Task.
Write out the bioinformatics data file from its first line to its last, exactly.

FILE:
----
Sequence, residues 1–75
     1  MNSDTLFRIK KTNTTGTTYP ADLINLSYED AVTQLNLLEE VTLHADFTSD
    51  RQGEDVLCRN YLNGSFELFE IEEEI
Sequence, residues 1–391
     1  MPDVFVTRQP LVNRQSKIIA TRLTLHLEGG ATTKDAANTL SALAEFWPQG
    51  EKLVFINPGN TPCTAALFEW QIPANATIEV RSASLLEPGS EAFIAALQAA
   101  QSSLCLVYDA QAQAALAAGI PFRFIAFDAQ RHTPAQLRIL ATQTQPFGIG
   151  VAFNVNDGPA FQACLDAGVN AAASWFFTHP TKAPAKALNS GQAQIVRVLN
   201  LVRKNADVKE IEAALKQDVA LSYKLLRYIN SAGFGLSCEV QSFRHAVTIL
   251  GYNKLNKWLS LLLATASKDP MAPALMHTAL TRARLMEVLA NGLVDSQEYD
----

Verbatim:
Sequence, residues 1–75
     1  MNSDTLFRIK KTNTTGTTYP ADLINLSYED AVTQLNLLEE VTLHADFTSD
    51  RQGEDVLCRN YLNGSFELFE IEEEI
Sequence, residues 1–391
     1  MPDVFVTRQP LVNRQSKIIA TRLTLHLEGG ATTKDAANTL SALAEFWPQG
    51  EKLVFINPGN TPCTAALFEW QIPANATIEV RSASLLEPGS EAFIAALQAA
   101  QSSLCLVYDA QAQAALAAGI PFRFIAFDAQ RHTPAQLRIL ATQTQPFGIG
   151  VAFNVNDGPA FQACLDAGVN AAASWFFTHP TKAPAKALNS GQAQIVRVLN
   201  LVRKNADVKE IEAALKQDVA LSYKLLRYIN SAGFGLSCEV QSFRHAVTIL
   251  GYNKLNKWLS LLLATASKDP MAPALMHTAL TRARLMEVLA NGLVDSQEYD